“The other thing I have learned – you can’t pick up a football club from where this one was and expect a quick fix. It’s two or three years to rebuild the right way with the right people, get the right players,” she said.

“I have never known a business where so many things can go wrong. Agents like to move players and managers, churn people, so if someone is doing well they want to take them, if they are not doing well they want to fire them.

It is very difficult for all the parts of the puzzle to come together and get longevity, and that is what I’d like to achieve here. I’d like those pieces of the puzzle to come together and then Neil Hart, Steve Philips, Mike Pink, Ian Evatt, Chris Markham, fabulous people here and we’re on the journey together travelling in the same direction.

“I truly believed that if I did things in the same way I do with the other companies I work with – an honest, ethical, transparent way – then I think it would be a differentiator.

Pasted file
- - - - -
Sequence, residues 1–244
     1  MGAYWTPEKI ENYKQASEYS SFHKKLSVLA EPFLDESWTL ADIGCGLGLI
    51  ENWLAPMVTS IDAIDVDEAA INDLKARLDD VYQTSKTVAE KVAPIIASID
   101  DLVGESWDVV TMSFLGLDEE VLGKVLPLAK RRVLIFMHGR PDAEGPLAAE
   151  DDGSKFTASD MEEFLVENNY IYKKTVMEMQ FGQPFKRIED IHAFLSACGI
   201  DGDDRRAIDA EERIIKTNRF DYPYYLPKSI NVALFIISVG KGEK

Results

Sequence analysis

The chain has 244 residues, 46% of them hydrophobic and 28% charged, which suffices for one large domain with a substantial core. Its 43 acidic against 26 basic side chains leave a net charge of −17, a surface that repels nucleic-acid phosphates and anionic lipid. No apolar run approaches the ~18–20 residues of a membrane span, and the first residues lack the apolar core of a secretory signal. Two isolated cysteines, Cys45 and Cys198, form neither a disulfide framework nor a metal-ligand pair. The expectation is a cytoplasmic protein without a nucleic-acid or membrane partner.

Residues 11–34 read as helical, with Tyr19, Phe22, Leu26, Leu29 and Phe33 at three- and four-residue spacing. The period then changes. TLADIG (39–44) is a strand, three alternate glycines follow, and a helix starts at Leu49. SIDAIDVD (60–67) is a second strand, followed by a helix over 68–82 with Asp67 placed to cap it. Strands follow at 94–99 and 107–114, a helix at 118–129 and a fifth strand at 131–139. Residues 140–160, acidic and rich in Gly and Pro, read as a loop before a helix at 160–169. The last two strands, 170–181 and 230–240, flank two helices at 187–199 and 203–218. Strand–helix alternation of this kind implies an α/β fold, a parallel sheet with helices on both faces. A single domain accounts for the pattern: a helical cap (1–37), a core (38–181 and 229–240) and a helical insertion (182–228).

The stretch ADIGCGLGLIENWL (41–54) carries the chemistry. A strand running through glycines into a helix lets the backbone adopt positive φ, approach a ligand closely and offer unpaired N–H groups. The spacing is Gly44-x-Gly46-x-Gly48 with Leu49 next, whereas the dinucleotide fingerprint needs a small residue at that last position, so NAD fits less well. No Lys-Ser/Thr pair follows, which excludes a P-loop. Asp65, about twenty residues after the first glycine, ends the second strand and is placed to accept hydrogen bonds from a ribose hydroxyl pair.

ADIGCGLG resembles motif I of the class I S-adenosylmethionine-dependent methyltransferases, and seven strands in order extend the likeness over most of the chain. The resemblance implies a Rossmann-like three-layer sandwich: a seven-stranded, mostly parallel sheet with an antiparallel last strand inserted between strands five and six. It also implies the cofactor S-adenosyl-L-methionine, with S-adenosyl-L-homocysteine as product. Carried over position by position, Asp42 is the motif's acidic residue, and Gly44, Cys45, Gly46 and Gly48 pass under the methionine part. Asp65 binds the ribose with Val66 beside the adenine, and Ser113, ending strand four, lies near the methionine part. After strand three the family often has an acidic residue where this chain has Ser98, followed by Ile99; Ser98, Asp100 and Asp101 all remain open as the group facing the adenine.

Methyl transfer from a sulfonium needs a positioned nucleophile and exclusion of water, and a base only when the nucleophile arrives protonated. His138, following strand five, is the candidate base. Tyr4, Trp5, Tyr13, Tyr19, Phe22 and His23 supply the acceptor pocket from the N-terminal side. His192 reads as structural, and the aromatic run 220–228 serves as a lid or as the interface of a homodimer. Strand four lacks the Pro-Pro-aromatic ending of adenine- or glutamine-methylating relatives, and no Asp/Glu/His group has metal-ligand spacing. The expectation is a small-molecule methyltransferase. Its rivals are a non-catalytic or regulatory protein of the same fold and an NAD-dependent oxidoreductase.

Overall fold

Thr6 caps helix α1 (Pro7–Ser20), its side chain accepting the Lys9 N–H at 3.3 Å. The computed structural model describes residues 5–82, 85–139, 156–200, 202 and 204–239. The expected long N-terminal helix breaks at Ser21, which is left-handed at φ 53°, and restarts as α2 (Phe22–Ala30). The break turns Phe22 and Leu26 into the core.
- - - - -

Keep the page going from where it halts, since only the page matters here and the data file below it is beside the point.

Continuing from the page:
“I have no ego, envy or jealousy. I want to create a really cohesive team where we are all on the same side.

“I laugh a lot and count my blessings every day and evening. I want people who work with me to have fun and that is why when I came into this I committed to a three-year plan.

“If at the end of this I am still having fun and enjoying it, fantastic. If I am not – even with the pandemic and all the challenges then I have learned so much about the business of football.

“It has been really hard work, really challenging. We lost 70 per cent of our revenue overnight and that is a huge challenge.

“We have had to let people go from the business. But even in those circumstances I have always made sure we conducted ourselves in in the right way.”

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wanderlust

wanderlust
Nat Lofthouse
Nat Lofthouse

She mentions 3 year plan a lot.
Is there an exit strategy looming?

MartinBWFC

MartinBWFC
Ivan Campo
Ivan Campo

wanderlust wrote:She mentions 3 year plan a lot.
Is there an exit strategy looming?
Whatever her plans are, she will definitely leave us in a much better place than before she came in.